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Abstract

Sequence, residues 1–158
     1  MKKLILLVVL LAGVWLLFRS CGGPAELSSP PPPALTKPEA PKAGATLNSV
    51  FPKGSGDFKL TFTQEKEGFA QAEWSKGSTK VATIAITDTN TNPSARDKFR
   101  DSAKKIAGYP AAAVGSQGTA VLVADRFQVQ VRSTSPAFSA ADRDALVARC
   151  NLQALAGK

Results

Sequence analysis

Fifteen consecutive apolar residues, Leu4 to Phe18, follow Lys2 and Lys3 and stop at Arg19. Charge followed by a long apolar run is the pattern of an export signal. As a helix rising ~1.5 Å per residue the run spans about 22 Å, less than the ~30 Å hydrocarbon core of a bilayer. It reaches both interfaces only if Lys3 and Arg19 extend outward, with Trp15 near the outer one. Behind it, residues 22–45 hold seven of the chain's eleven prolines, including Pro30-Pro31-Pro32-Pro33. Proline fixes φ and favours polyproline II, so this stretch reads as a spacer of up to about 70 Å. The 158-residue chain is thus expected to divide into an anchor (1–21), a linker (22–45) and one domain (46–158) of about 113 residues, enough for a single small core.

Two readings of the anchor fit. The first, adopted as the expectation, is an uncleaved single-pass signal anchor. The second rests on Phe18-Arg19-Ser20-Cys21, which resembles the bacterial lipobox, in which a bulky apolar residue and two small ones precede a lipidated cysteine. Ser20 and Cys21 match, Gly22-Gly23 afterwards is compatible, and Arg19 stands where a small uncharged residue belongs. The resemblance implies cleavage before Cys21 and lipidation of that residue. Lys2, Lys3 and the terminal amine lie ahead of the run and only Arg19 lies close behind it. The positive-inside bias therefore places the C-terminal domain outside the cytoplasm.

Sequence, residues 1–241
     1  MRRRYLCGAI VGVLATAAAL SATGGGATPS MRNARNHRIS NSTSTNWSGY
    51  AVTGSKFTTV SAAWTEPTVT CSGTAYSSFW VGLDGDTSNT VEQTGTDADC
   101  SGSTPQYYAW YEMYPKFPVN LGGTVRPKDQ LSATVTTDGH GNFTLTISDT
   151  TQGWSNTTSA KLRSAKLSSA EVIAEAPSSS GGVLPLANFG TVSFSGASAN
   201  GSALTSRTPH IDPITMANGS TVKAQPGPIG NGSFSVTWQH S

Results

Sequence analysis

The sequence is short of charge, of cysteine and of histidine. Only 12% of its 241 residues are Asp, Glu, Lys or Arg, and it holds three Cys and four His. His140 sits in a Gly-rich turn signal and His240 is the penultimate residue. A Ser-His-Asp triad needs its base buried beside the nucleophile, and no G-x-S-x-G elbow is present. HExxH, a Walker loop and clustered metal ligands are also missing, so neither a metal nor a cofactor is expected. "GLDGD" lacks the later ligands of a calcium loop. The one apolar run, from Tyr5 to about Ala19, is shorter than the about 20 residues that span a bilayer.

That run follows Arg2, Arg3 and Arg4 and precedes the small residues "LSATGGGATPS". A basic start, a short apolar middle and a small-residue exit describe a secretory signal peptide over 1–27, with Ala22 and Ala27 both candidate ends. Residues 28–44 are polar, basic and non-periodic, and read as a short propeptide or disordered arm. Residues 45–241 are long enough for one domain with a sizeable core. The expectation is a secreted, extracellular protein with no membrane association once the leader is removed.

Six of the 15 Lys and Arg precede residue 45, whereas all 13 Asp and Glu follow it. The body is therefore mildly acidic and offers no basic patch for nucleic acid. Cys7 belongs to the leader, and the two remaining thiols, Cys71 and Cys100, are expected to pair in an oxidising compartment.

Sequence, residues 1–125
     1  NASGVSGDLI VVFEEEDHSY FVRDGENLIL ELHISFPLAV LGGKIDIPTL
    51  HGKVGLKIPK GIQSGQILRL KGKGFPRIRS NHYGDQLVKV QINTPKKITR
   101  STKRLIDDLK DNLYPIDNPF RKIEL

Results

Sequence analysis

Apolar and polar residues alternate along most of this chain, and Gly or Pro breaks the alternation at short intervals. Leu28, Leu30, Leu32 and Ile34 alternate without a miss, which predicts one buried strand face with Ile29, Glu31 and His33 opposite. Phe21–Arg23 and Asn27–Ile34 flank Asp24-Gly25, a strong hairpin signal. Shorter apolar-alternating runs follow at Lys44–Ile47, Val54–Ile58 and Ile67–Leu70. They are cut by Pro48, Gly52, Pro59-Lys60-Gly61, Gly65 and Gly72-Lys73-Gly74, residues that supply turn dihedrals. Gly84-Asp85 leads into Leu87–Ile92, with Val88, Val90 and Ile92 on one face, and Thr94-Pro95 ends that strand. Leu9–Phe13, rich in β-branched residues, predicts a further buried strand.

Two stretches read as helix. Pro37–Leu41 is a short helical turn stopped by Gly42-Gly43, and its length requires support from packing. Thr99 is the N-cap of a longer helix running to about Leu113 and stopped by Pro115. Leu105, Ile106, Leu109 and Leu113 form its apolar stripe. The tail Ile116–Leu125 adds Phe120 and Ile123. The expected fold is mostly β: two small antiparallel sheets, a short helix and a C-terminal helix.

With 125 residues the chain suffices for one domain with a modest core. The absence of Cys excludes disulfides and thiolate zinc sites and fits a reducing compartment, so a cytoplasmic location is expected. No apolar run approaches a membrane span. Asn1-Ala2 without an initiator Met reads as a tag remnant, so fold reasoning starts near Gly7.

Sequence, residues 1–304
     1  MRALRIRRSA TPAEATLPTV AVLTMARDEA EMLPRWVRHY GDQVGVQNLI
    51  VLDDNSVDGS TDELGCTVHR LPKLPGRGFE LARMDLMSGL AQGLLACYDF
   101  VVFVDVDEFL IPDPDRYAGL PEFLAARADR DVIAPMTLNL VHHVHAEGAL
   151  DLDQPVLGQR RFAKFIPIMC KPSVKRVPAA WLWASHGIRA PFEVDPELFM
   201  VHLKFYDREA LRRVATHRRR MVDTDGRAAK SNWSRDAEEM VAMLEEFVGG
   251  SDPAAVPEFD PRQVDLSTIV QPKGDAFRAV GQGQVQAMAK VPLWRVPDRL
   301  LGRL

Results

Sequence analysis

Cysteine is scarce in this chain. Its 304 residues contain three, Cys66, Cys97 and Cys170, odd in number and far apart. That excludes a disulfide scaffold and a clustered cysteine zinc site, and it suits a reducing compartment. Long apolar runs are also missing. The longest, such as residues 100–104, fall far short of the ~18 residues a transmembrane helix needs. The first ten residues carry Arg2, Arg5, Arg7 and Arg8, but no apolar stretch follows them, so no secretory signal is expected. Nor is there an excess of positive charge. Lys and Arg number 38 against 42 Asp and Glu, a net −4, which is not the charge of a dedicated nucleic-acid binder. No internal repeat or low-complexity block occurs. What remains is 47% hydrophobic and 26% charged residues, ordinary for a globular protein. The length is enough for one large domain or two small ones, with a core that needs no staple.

The price volatility observed in futures markets, beginning in 2006 and continuing through to the present, has posed challenges to commercial traders attempting to use these markets to hedge their price risk. Additionally, speculative activity in these markets is seemingly on the rise, with large index funds drawing the ire of many as a possible driver of price volatility and high price levels. Taken in concert, these issues have led some to question the ability of the markets to continue to provide for adequate hedging functionality. In this paper, we attempt to determine if the rate at which commercial traders hedge in the markets has changed by testing for structural change in the relationship between open interest and physical grain stocks. A significant structural break is found in the wheat market in late 2004. A more detailed examination of the break is done by incorporating smooth transition and threshold models, with the positive relationship between open interest and stocks shown to decline to statistically zero around the structural break. Given the development of non-convergence in the wheat market at this time, it suggests that wheat hedgers might be using alternative hedging outlets. Overall, the estimated models show generally poor fits, indicating that there might be other factors than are present in the structural model influencing hedgers’ positions in futures markets.

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